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'Made in America' label a rarity
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“Made in America.” Where are our labels in the market place? Have you noticed they are nearing extinction in our department stores.
That got me thinking, which happens from time to time. I thought surely my Wrangler jeans must be 100 percent U.S.A. Nope! Made in Mexico. Good news the fabric is still 100 percent U.S.A. cotton fibers.
What about my Tony Lamas I have worn for an eternity? I know they were purchased in “Cowboy Country,” Texas, U.S.A.; but I was only able to find an “imperfect” stamp. Maybe that is why I bought them, and of course I have always worn a Lamas boot. I took it to an ole-time boot repair and cobbler to discover where my boot was made.  Sure enough, I had scored a “Made in the U.S.A” label after all!
But sadly I was informed the boot maker I inquired about was in the process of some “nondescript changes,” or so he had heard and was remarking that if I were to buy a new Lamas boot I was sure to have some foreign construction in the product. I can only assume he was referring to a change of ownership or manufacturing strategies to lower costs, “a fad sweeping across America.”
It seems everything I pick up in retail stores bears the stamp “Made in China.” It is so prevalent it is no longer laughable. Every time I see that stamp I wince because I know deep down someone’s job in America just disappeared. “Cheaper is better policy,” seems rampant in the manufacturing sector.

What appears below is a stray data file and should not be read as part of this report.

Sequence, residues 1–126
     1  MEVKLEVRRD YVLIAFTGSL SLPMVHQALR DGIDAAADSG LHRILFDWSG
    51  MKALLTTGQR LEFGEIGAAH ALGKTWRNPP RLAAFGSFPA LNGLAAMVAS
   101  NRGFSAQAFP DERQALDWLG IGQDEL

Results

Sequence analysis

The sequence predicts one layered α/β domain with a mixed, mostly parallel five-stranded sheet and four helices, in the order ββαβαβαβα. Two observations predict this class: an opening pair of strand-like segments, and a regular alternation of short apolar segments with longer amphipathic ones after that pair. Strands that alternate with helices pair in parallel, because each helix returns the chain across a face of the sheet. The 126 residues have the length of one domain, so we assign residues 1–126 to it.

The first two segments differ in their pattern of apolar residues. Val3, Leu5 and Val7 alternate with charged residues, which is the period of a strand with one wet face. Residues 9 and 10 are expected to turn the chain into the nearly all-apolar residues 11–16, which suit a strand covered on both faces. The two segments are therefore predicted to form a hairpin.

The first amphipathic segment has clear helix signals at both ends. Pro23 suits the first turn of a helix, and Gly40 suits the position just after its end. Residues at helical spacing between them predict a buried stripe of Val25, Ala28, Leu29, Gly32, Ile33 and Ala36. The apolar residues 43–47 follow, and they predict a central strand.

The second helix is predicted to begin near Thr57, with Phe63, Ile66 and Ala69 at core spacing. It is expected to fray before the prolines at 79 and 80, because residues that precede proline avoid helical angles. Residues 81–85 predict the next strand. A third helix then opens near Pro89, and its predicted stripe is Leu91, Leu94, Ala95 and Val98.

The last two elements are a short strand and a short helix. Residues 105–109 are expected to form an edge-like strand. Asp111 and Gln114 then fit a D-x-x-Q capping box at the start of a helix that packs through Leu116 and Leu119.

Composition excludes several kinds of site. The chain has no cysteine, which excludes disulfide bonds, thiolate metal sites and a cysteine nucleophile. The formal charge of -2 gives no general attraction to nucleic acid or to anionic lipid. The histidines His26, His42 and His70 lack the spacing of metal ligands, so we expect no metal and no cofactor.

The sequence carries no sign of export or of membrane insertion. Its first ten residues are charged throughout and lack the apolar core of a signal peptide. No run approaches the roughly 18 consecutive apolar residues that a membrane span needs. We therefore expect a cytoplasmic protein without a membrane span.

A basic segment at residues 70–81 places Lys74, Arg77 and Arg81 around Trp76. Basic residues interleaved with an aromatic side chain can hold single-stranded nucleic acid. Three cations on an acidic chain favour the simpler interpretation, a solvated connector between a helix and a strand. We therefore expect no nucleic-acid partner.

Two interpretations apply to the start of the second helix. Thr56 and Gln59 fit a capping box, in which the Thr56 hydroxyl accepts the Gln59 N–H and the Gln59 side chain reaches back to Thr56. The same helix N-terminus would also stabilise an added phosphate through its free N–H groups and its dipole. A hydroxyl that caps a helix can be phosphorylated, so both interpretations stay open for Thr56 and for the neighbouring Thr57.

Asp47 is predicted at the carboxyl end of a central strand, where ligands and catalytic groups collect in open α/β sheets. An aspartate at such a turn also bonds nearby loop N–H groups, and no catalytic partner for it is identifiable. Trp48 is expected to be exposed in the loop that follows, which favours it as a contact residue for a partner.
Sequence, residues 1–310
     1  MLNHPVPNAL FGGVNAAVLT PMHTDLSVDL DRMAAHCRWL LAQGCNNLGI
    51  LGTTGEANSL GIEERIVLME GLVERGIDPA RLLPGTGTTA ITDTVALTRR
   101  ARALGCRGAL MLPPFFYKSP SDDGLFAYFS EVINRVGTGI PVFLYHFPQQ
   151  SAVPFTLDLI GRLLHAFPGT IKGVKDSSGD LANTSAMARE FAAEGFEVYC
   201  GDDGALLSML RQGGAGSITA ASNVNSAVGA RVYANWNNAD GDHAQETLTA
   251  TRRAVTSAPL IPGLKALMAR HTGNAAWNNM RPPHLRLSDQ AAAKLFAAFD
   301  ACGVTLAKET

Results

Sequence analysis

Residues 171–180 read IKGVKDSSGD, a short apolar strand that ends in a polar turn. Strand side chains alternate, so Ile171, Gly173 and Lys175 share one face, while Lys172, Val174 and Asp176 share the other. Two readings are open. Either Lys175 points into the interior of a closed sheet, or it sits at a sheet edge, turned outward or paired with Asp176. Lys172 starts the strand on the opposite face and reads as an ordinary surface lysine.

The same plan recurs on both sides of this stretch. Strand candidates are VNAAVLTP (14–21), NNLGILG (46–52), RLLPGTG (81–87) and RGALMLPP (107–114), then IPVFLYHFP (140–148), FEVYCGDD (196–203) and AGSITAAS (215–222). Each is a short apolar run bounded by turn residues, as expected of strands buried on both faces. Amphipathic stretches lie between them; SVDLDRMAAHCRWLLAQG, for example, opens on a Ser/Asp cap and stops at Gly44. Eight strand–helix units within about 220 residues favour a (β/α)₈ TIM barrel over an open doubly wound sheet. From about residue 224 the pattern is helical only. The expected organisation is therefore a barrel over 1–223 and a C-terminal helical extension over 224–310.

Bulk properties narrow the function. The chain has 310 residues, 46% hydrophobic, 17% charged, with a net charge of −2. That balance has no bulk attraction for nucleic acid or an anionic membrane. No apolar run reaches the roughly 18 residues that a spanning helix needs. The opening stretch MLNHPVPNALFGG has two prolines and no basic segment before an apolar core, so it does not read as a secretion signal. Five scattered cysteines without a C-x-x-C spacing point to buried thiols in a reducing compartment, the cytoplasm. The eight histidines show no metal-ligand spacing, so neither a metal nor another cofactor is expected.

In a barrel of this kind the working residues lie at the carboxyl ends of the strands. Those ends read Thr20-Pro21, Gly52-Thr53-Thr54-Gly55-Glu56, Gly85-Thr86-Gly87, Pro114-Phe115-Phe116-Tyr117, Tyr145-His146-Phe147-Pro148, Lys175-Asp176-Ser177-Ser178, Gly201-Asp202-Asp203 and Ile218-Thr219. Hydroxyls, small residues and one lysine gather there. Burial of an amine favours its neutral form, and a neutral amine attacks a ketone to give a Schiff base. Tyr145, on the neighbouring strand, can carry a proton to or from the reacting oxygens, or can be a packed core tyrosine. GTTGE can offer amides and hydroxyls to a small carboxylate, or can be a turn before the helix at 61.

Personally, I appreciate a hand-made article and will certainly reward the gracious person who so lovingly put the effort to create with a higher payment than some generic junk churned out en mass.
The problem is my ability to make those consumer choices seems to be disappearing before my very eyes. I can choose “Made in China,” or “Made in China.” — not a choice I ever make!
My U.S. dollars are too hard to come by and I am forced to be frugal in my purchasing selections. (Not that I’m complaining. I am building character by doing so) I walk away and do without, romantically waiting for a day to come when “Made in the U.S.A.” reigns supreme again.
Cheaper is not always better. Quality and pride in workmanship are the qualities I appreciate and are certainly better than those quickly made items I am sure to replace or repurchase six months after ownership when they break or fall apart in the washing machine.
Who’s scamming who here?
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